"Rummy snowflakes," raises the question of whether
policy was based on intel-- good or bad-- or on
wishful thinking ideologically driven. If the latter
is true about Rumsfeld and the neocon suits who
advised him, then it was the duty of JCS to get word
to Congress so that their counter-opinions were on the
record at least. Yet, when an administration bore no
less than utter sycophancy, a mass resignation was in
order lest the very catastrophe McMaster wrote about
be repeated. COBRA II argues that indeed it was. And
former Pentagon intel chief Pat Lang's report that
Arabic speaking officers were rejected for his Iraq
ops by Defense Dept. under-Sec. Doug Feith because
that was indication enough that one would not
enthusiastically endorse Pentagon policies, is proof
of the reckless "anti-Semitism" towards Arabs that the
neocons brought to the Iraq War. It also indicts the
penchant for wishful thinking over intel, whatever it
may in fact be.

Soldiers sent to war driven by what ideology invested
civilian leaders wish were the case instead of by
solid intel of the best kind available cannot be
expected to distinguish those whom they are there to
destroy from those whom they are there to keep free.
Vietnam proved that quite dramatically. And no agency
better exposed the flaws of intel-blind ideologic
warfare than the CIA. Perhaps that is why Vice
President Cheney, Sec. of Defense Rumsfeld and their
neocon civilian staff focused all their ire on the
CIA, seeking to paralyze it in order to replace it
with a "yes, sir" military intel system that reports
back the picture ordered on command. Westy intel
chief,Gen. Phillip Davidson, left behind two books on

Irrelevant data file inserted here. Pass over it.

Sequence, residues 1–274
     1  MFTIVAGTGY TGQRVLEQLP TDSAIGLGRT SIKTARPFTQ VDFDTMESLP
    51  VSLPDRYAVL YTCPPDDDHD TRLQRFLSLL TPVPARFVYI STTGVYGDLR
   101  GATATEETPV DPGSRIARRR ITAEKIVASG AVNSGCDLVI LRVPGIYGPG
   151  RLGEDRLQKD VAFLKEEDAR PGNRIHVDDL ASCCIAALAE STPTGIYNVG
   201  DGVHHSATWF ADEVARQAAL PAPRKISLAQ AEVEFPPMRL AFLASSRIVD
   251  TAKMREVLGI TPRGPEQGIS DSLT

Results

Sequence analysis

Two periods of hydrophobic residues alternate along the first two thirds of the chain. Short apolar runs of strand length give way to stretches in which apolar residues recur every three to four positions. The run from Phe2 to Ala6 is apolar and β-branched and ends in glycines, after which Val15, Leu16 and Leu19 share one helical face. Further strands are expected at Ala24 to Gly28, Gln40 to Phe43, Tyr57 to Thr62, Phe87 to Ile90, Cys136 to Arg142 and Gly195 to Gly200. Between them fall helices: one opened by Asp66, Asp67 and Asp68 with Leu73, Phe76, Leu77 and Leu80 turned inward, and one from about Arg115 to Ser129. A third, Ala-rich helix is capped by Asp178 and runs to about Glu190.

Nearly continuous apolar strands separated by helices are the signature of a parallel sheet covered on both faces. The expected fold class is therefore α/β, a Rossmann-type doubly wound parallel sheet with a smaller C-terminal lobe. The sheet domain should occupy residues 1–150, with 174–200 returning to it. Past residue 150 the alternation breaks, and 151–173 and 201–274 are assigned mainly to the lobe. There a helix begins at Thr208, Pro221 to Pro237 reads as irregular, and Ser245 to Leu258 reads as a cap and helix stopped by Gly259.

the Vietnam War and massive court testimony in the
Westy vs. CBS Trial that are an appalling testament to
the utter ignorance MACV suffered about its enemy. Yet
these seem even relegated to a false history now. When
I recently encountered a young general leading in the
current War on Terror, I invoked the Vietnam
experience. He responded by threatening that if I did
not want to end the exchange I should not associate
him with that "loser's war." Yet, looking at the Iraq
War now, three years on, and the intel available when
our Vietnam War became the "better war" Sorley
recounts, one can only feel outrage at how ignorance
made needless orphans and widows to a resistance that
fights with little more than ingenuity.

Not recognizing our fatal errors as an invading and
occupying force, we will never understand the key
force that exhausts our nation in counterinsurgency.
While we cover-up and hide our errors (though Abbu
Ghraib indicates we don't even do that well) and seek
to suppress resistance to our occupation with the same
killer tactics the Israeli forces use to compensate
for the smallness of their force relative to the
Palestinian opposition to occupation (the Iraqi Intel
Chief claimed, with American field support, that the